A Brief History of Plastic Injection Moulding
The importance of construction materials to human civilization is evinced by the classical system for naming the ages of history: the stone age, the bronze age, and the iron age stand out in particular. The importance of fabrication materials has only increased through time. Our modern civilization is built largely on a few key materials – stone, metal, wood, and plastic come to mind.
Of these four materials, stone and wood have the longest histories, having been used since people first constructed tools and buildings. Metals have been used for thousands of years as well, although it was only with the development of steel in the late 19th century that the use of metals came into its own.
Despite the importance of stone, wood, and metals to modern society, one material has come to dominate our modern lifestyles: plastics.
The first commercial use of plastic, in 1865, was for the production of billiard balls, which had previously been made using ivory.From these humble beginnings, plastics have come to play a key role in modern society, allowing for the production of cars, computers, electronics, food storage and preparation products, medical products, clothing, and countless other fundamental technologies that we now take for granted.
A key moment in the history of plastic came during the Second World War, when allied supplies of rubber fell short of demand. An extensive research program conducted by the United States government led to the development of a plastics replacement for natural rubber. A number of “failed” formulations turned out to be useful for other purposes.
As our ability to formulate plastic materials improved, so did our knowledge of methods for shaping plastics to meet our needs.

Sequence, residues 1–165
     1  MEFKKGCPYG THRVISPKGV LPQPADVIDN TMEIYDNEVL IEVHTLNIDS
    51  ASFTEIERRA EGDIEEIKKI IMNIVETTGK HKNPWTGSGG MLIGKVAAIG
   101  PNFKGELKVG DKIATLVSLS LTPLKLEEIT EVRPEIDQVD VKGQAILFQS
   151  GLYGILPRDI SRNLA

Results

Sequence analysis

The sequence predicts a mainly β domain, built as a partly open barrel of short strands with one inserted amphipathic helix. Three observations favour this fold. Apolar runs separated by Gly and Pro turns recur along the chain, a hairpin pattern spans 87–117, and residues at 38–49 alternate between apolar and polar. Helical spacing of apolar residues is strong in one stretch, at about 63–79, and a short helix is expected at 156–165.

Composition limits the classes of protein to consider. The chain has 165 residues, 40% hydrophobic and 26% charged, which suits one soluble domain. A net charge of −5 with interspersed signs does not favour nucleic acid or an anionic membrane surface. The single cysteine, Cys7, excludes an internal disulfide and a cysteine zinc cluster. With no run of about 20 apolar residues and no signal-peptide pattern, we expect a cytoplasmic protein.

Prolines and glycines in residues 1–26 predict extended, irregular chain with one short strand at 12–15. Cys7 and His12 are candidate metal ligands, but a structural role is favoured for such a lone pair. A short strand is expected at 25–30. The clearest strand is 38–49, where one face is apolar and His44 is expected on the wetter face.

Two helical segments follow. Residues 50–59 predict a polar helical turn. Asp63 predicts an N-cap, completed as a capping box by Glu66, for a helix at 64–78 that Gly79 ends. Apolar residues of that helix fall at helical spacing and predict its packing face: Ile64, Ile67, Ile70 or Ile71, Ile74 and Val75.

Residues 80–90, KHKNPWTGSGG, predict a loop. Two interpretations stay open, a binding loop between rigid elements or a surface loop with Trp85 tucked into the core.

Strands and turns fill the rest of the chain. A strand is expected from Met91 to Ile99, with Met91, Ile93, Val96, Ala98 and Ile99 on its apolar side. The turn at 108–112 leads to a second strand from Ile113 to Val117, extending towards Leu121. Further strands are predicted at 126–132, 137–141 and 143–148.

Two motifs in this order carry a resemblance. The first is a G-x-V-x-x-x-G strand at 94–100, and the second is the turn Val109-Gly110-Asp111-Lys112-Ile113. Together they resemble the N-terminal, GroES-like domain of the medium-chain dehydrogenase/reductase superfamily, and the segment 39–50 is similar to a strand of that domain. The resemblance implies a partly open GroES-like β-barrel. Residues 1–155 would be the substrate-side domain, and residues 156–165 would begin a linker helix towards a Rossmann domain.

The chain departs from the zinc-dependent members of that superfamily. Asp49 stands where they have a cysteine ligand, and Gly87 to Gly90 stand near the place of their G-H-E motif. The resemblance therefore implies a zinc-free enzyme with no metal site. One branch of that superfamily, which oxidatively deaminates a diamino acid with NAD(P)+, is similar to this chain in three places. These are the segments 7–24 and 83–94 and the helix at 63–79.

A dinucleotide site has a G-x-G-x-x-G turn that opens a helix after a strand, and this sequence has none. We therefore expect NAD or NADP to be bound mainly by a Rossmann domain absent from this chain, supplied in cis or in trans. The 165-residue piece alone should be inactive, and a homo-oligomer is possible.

In 1968, Josiah and John Hyatt became the first to inject hot cellulite into a mold using a plunger. Their simple moulding technology allowed for the production of small, simple, but useful objects such as buttons and hair combs. However, the applicability was limited: it was difficult to precisely control the rate of material injection. In addition, materials could not be premixed before injection, which limited the development of plastic alloys, plastic recycling, and colouring.
The forebear of the modern screw injection plastic moulding process was developed during the wartime rubber shortage. This type of machine allows for mass production of precisely shaped components. The recent development of mechanization, 3-d printers, and computers have led to the ability to make increasingly precise moulds. Plastics will continue to play a major role in our society, and as technologies continue to advance, we should expect to see plastics being used in new and innovative ways.
To learn more about the history of plastics, take a look at these interesting articles:
A general history of plastics – provides more detail about the series of discoveries leading to modern plastics.
An old documentary – it’s interesting to see how plastics were perceived when they first became widespread in the 1940s.